SEASIDE - Helmi Netzel knows she's a very lucky lady.
The 82-year-old Seaside resident was forced out of her home on Cedar Street around 7 this morning when her chimney caught fire. This is the second fire she's had in the same chimney in three years. Netzel uses a wood stove to heat her home.
Neighbors noticed flames coming from the chimney and called Seaside dispatch, who sent Seaside Fire and Rescue to the site. Firefighters used a ladder truck to enter the chimney from the top and send a water hose down to cool the chimney foot by foot. Firefighters also inspected the stove and chimney from inside the home.
No one was injured and the fire was completely out in about an hour.
"I was very scared," Netzel said as she stood in the rain outside her home. "I had gotten up and there were coals in the stove, so I put a few pieces of wood in there and left the door ajar. I went to make coffee and I guess I was gone a little too long, because I heard a roar."
Fire Marshal Chris Dugan said that the chimney was completely plugged with creosote. Opening a stove's damper, especially after it has been closed for a while, or leaving a stove door ajar, complicates the problem.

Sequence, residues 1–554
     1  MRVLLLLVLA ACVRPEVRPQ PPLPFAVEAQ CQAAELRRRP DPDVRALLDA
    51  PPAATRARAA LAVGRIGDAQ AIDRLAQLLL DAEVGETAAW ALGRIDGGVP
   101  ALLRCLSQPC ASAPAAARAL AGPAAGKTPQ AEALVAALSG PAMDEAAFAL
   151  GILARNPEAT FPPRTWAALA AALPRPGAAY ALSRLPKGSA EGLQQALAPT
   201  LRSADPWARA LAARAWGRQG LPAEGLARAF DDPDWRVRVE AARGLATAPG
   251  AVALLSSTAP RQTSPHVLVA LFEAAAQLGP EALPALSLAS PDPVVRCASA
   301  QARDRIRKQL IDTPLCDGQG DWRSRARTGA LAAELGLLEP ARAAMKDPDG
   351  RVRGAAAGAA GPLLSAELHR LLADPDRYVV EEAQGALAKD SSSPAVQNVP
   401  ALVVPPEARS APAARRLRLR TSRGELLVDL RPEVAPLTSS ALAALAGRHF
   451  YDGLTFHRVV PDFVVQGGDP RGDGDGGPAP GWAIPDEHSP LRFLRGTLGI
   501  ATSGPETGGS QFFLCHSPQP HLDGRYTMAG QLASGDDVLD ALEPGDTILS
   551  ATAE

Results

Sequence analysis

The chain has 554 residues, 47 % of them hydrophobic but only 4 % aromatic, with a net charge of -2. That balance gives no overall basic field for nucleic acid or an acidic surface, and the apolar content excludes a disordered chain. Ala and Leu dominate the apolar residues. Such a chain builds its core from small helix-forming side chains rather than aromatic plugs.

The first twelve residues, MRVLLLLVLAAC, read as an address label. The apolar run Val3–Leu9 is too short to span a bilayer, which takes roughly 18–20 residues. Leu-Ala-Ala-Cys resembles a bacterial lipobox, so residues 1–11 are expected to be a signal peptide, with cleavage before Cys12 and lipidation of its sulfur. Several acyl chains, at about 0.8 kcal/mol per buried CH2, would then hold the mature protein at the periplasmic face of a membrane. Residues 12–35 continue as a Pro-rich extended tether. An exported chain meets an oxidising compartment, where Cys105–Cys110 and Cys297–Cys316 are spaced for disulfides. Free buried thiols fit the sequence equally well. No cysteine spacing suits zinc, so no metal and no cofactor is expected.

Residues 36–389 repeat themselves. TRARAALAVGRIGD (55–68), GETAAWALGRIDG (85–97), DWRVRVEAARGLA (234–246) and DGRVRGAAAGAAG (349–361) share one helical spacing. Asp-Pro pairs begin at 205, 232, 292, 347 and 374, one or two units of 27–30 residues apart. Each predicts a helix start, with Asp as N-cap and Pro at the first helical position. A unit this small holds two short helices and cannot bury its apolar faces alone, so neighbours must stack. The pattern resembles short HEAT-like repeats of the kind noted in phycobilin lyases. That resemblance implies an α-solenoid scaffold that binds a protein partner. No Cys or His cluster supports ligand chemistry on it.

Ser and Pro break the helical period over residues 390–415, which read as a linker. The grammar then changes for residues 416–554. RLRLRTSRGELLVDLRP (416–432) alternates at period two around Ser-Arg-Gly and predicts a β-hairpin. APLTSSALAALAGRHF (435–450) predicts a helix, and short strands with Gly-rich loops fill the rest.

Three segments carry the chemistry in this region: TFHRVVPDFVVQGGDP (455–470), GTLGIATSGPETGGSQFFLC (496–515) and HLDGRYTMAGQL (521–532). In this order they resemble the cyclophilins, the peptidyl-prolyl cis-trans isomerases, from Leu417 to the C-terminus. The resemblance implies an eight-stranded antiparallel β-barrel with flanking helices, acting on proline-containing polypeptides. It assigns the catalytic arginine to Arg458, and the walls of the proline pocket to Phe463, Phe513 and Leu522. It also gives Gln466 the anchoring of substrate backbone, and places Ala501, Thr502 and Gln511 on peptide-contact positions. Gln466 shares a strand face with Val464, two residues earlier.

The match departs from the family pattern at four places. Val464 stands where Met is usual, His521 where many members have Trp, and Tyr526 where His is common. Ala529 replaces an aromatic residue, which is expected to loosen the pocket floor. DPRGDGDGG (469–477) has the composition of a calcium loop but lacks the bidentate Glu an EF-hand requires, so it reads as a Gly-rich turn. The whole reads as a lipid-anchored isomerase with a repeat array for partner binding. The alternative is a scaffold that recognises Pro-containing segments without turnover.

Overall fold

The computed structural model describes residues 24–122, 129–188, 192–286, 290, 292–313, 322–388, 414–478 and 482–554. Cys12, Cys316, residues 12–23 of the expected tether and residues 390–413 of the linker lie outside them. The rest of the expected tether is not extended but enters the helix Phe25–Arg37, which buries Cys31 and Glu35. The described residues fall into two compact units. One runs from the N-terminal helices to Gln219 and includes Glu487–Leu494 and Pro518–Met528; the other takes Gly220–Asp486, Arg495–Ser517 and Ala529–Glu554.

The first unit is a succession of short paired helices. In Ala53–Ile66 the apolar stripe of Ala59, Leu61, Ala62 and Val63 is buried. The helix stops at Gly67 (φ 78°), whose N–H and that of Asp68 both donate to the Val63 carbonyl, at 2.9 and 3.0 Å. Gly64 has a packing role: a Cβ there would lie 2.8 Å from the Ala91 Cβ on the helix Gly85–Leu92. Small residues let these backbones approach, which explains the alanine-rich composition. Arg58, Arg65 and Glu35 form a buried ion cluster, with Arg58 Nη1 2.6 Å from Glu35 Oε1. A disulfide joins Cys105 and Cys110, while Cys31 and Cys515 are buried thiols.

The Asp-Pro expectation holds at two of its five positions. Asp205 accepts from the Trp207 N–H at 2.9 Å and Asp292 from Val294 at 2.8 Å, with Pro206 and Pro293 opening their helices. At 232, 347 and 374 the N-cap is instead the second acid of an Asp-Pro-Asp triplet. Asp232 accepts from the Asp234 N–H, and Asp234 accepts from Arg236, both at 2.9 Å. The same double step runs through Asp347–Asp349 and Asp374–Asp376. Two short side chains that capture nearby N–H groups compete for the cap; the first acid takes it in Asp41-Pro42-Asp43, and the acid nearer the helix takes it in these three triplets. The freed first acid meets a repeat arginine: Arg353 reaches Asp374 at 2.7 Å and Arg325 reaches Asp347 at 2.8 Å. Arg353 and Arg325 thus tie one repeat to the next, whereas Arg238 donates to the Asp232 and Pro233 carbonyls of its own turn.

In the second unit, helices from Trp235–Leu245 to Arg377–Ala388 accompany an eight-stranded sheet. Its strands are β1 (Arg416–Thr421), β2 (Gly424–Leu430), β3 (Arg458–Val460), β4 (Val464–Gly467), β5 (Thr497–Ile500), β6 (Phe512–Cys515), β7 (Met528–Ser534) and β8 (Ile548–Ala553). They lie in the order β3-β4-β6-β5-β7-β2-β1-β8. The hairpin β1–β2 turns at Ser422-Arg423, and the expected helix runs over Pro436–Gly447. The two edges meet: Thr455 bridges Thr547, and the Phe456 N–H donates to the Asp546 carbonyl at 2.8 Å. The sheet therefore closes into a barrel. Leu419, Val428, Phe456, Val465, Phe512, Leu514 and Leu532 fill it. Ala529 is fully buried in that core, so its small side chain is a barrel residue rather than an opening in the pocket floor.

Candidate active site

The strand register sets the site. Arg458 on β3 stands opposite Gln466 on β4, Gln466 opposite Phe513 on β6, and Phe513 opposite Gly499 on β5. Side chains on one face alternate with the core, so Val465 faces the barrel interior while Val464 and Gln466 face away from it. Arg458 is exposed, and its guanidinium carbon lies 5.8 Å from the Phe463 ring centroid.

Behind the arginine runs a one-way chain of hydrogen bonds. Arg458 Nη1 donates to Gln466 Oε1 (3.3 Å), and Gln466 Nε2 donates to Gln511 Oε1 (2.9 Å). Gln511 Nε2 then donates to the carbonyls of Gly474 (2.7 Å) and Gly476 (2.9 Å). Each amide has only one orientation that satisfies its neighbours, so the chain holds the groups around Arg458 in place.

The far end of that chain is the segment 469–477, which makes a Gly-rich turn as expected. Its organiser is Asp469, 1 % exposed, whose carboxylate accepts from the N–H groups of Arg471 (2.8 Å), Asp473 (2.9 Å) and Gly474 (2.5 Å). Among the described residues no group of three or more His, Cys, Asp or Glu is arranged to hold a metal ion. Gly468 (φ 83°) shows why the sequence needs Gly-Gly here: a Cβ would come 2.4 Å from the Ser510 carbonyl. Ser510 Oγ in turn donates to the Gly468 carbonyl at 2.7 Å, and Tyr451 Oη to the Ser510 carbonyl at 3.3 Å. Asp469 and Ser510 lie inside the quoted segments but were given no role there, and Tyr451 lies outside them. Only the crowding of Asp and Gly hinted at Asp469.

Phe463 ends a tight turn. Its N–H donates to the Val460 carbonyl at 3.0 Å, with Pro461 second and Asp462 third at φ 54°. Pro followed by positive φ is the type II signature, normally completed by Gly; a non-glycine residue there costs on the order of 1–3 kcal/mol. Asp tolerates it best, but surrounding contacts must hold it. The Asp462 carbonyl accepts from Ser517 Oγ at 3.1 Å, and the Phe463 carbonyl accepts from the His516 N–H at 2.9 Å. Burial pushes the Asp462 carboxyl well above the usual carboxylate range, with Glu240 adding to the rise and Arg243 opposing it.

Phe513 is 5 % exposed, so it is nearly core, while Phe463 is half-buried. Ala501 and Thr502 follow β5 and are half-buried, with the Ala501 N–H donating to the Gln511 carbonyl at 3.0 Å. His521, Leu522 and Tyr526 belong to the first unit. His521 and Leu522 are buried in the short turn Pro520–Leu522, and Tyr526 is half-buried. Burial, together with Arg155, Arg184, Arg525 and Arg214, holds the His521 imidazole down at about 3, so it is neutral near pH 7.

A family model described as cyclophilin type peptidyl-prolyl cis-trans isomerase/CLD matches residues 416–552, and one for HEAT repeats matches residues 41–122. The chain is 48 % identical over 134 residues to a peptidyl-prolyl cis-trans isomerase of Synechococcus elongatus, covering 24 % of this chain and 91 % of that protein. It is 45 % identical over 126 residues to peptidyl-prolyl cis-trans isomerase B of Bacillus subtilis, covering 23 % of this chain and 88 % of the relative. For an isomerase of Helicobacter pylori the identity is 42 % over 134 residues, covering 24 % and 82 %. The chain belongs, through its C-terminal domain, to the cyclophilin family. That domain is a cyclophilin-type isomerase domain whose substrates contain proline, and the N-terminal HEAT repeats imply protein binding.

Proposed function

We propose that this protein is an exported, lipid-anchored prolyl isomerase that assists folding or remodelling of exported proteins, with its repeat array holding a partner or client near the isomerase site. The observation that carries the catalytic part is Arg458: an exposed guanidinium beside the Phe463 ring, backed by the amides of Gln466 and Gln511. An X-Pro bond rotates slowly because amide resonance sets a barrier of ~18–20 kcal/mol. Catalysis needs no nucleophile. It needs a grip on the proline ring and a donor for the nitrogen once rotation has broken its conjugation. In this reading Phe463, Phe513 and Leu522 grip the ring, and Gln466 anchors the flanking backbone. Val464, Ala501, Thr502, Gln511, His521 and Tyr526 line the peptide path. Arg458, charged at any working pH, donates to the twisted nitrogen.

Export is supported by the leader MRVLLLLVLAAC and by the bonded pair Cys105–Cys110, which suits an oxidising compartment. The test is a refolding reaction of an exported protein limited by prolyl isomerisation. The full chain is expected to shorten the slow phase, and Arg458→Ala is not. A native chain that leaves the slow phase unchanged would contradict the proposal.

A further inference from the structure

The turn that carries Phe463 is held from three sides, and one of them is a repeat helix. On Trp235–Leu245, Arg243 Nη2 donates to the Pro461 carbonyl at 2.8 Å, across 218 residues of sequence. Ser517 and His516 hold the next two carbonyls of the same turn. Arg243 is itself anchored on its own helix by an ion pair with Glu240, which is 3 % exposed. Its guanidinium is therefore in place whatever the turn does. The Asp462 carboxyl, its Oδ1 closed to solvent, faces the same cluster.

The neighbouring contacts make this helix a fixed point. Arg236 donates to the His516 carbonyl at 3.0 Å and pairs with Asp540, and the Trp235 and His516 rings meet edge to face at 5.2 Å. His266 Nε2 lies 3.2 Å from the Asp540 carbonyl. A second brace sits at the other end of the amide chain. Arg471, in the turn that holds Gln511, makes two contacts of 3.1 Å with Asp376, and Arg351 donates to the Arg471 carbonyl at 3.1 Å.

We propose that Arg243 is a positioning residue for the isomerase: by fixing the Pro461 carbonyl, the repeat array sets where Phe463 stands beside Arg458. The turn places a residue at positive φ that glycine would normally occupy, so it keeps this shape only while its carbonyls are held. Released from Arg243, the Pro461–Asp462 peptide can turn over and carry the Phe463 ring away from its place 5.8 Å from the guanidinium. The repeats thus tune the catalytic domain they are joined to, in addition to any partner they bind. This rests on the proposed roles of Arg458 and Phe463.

"It just takes a little spark to catch that creosote and the draft just fuels it," he said.
Fire Chief Joe Dotson also discovered a crack around the stove and chimney area and advised Netzel to get it repaired before using the stove again. She was also advised to get her chimney cleaned twice a year; she's previously had it cleaned once a year.
"I'm appreciative and very grateful for all the help," she said, after giving Dugan a hug. "You were angels of mercy to come and rescue a little old lady like me."
Dugan said that, fortunately, the fire department does not have to respond to many chimney fires. Several years ago, it seemed like there was "one a night," but now people seem to be more careful when burning. They are also using a greater variety of fuels, including pellets and gas.
"As long as people stay educated, we won't have to go out to chimney fires very often," he said.
For more information about chimney safety, go to the Chimney Safety Institute of America's Web site at